The Town That Food Saved
Ben Hewitt’s The Town That Food Saved (Rodale Books) tells the story of Hardwick, Vermont’s economic revitalization – seemingly all thanks to an influx of new agricultural businesses that proudly wear the “Local” and “Organic” mantles.
But Hardwick already had a long history of living off the land, a history which certainly provided the foundation on which these new businesses thrive, and there is a subtle divide growing along with all that food.
This is no sustainable food fairy tale with heroes and villains. Rather, there are people growing food to make a difference and a profit, and there are people growing food to make sure dinner gets on the table… and where those folks’ ideals converge and contradict makes for fascinating reading.
… let’s not forget, this is a pickup-driving town with a tractor-repair shop, a gun store, and a lumberyard making up a sizable percentage of the business landscape. These people are not lining up for organic milk lattes and tofu smoothies. If the founders of Vermont Soy, Jasper Hill, and the North Hardwick Dairy are truly committed to building a local food economy, shouldn’t they commit themselves to producing foods the locals can afford to eat? And actually will? Because, when you bore right down into it, past the economics and the politics and everything else, isn’t that the heart of the whole matter?
Through the scope of this one town, Hewitt attempts to tackle the thornier questions of cost and accessibility that plague our struggle to overcome a large-scale food system that both fools and fails us.
Early on in the book, Hewitt asks:
How do you create economic viability for small-scale producers utilizing circular farming practices while still providing cost-competitive food that blue-collar Americans can actually afford? I don’t know. How do you foster a wholesale shift in a society’s expectations regarding what it eats and when? I don’t know. How do you convince millions of Americans that a healthy, resilient food system depends on them becoming farmers, learning skills that have all but disappeared from our collective knowledge base? I don’t know.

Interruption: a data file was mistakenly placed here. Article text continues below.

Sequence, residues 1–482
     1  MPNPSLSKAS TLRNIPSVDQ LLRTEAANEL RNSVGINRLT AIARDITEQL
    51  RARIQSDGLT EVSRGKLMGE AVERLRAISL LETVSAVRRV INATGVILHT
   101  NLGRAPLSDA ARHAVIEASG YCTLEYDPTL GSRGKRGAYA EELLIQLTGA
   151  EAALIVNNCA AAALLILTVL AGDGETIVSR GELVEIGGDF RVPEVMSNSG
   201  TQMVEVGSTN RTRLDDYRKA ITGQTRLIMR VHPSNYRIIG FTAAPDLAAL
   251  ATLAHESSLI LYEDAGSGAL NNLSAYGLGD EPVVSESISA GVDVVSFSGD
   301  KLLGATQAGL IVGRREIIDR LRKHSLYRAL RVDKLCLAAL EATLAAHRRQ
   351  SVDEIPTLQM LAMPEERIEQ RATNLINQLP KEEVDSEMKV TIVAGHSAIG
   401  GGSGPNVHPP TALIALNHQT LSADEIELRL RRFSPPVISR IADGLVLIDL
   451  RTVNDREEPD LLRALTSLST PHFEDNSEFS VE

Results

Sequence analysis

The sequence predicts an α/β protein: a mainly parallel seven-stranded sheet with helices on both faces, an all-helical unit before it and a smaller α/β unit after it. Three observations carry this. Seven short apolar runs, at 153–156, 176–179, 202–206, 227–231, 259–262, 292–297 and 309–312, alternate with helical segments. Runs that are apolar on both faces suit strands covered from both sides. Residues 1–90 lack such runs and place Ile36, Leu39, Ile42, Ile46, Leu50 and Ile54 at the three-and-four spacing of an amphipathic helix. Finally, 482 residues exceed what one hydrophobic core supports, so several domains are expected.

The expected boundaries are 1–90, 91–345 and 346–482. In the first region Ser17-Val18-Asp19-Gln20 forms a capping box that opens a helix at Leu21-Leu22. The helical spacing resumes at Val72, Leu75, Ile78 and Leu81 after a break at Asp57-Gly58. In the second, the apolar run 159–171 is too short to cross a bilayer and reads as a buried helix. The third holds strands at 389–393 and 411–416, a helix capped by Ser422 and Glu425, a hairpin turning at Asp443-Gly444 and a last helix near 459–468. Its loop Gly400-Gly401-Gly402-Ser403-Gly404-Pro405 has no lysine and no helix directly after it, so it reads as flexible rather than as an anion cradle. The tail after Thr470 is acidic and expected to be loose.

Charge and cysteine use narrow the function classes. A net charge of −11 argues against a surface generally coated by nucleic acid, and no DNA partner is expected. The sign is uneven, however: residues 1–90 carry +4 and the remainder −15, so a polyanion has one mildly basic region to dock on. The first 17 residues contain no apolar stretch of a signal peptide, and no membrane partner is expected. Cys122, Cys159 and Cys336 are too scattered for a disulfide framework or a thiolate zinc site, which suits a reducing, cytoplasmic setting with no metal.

Although the book offers up no final answers, it does present several compelling and inspiring opinions as ways to move forward in our collective search for better food. Indeed, as the story comes to a close, you see evidence of a new-found sense of shared purpose among those formerly at odds.
Until we have wrested our destiny from a system that is convoluted, hierarchical, and dangerous for the dependence it engenders and planted it in our own communities, in our own soils, with our own hands. Until someday when we can look back and realize it wasn’t just a town that food saved: It was a country.
Have you read The Town That Food Saved? What did you think of Ben Hewitt’s portrayal of the issue?
Photo Credit: Rodale Publishing
Paperback, Rodale Books
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